Save Cash Without Sacrificing Flavor by Cooking at Home

By Eric Kelly

We all like eating good food. Unfortunately, not all of us are born with the chef gene. This can leave us trying to balance our culinary desires with our abilities in the kitchen while also trying to keep our food costs down.

The good news is that it’s absolutely possible to master recipes from chefs like the newly vegan-friendly Gordon Ramsay and to take control of our grocery budget. Technology, the internet, and a little bit of trial and error are all it takes to become your own top chef.

Does Cooking at Home Really Save Money?

Eating out is a big splurge when you have a small budget, and it takes up a lot more time than you think, particularly if you have children. But how much money? And how much time? Forbes has come to the conclusion that dining out is up to five times more costly than just firing up the oven.

If time is your biggest concern, a sit-down dinner out won’t save you any. Once you factor in the time it takes to wait for a table, wait for your food, eat, wait for drink refills, and wait for the check, you could have cooked and cleaned up at least twice.

Technology to the Rescue

Now that you know how much time and money you can save, it’s time to figure out how to make it happen. One of the best pieces of advice: Invest in an Instant Pot. With the right model, the cooks from Two Healthy Kitchens explain that you can pressure cook, slow cook, steam and sauté, and even make dairy-free yogurt.

There are lots of other kitchen gadgets that will come in handy, too, and if you need to buy multiple small appliances or tools, look online for things like BOGOoffers, free shipping, and discount coupons before you buy.

Another awesome advent of the digital age is that you can bring cooking classes right into your home. For instance, Amazon’s Food Network Kitchen app will let you cook along with your favorite chefs directly from your Echo Show.

Look to Your Food Heroes for Inspiration

When you are used to your favorite meals, it’s tough to let go of your comfort foods. But maybe you don’t have to. Sometimes, chefs are more than willing to share their recipes, and you can often find plant-based versions of recipes for everything from Mrs. Fields cookies to expensive pasta dishes that, in reality, cost just pennies to produce at home. And if you have a local favorite, there is no shame in reaching out on Facebook or via email and asking your preferred chef for info on their signature dishes. Many bakeries and farm-to-table establishments will also be happy to share. If you live near a farmers market, you can also pay it a visit to find out what is seasonally available and to ask if they have any tips on how to prepare popular local fare.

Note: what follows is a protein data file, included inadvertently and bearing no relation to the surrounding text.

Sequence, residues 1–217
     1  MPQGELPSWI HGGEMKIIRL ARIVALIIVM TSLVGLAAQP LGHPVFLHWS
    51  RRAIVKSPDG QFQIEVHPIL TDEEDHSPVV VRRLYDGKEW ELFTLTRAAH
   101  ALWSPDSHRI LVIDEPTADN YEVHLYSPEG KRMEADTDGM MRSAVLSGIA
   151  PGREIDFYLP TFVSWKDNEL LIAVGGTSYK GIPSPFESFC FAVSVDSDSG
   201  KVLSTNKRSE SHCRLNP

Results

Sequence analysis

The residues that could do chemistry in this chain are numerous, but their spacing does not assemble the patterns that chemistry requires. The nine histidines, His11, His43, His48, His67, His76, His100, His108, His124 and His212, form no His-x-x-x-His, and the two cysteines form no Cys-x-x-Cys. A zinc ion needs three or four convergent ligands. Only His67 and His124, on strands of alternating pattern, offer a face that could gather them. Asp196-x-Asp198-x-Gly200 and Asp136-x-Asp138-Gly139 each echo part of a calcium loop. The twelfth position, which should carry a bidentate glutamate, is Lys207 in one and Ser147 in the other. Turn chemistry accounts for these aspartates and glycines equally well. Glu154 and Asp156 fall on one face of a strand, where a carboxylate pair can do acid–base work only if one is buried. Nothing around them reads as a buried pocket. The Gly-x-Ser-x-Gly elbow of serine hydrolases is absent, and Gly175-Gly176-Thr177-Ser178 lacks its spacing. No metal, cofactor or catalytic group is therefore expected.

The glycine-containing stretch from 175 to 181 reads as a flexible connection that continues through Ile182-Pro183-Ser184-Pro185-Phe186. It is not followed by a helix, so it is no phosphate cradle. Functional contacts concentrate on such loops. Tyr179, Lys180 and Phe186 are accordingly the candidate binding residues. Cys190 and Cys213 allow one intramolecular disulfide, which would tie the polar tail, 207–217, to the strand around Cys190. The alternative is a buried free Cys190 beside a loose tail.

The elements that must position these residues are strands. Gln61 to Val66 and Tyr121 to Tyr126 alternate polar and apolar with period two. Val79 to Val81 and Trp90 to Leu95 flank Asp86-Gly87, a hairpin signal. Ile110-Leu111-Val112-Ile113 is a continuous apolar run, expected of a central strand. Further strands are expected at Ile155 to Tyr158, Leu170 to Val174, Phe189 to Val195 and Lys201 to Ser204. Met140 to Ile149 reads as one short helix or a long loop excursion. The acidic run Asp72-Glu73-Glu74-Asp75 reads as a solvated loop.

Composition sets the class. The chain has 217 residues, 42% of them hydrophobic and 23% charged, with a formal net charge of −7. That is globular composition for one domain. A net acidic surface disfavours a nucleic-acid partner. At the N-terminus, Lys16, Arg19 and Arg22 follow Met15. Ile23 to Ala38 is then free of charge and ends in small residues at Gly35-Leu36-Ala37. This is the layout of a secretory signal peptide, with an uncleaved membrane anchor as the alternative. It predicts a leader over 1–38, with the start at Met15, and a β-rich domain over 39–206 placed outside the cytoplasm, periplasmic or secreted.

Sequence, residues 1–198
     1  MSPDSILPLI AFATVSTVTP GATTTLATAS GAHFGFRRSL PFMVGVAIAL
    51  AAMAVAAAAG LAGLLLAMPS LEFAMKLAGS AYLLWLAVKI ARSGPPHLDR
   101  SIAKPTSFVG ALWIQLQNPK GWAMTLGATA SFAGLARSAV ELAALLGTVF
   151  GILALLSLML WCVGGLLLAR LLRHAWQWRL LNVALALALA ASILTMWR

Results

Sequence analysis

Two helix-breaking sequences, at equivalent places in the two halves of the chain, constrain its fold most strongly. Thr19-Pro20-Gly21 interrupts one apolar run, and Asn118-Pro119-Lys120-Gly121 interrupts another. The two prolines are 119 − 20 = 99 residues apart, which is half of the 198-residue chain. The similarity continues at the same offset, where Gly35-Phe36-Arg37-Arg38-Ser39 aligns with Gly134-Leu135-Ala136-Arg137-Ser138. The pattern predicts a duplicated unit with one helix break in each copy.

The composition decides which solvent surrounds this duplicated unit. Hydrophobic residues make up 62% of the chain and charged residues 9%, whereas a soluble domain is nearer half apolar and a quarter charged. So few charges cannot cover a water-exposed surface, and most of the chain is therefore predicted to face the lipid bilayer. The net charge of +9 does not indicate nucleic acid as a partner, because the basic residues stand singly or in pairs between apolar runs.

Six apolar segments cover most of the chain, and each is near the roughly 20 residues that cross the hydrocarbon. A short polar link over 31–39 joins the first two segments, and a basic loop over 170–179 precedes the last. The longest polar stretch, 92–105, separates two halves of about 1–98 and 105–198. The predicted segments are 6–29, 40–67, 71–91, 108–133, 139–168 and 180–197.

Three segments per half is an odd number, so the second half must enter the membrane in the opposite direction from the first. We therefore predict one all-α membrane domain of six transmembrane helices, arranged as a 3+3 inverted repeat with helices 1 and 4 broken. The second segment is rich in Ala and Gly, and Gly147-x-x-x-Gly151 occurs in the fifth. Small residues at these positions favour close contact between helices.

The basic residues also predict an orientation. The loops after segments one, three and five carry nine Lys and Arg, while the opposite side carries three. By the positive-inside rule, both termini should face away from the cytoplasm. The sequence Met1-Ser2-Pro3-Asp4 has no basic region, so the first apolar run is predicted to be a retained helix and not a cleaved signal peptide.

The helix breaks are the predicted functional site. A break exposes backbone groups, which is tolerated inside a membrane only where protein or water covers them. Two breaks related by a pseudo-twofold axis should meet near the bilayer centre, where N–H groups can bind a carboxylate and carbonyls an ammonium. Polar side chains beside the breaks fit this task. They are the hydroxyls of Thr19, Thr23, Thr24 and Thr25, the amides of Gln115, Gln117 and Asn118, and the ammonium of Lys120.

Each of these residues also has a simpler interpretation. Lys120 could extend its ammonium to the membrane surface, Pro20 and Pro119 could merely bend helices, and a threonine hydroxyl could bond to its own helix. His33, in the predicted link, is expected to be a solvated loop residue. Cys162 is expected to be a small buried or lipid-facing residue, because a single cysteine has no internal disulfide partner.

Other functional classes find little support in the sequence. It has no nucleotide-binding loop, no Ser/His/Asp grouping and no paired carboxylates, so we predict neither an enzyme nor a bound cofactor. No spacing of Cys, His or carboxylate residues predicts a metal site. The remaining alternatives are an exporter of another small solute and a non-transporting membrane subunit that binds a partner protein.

No one is saying that you can’t treat yourself to a meal out every now and then. However, a family of four could easily spend approximately $7,000 or more dining out just twice a week over the course of a year. And if you’re single, you may see your bank account drop by that same number if you are tempted out of the kitchen multiple nights each week. Technology and a bit of persistence can help you save money and time while providing the added benefit of knowing where food comes from and what’s on your plate with each bite.

Eric Kelly writes about life as a single dad at

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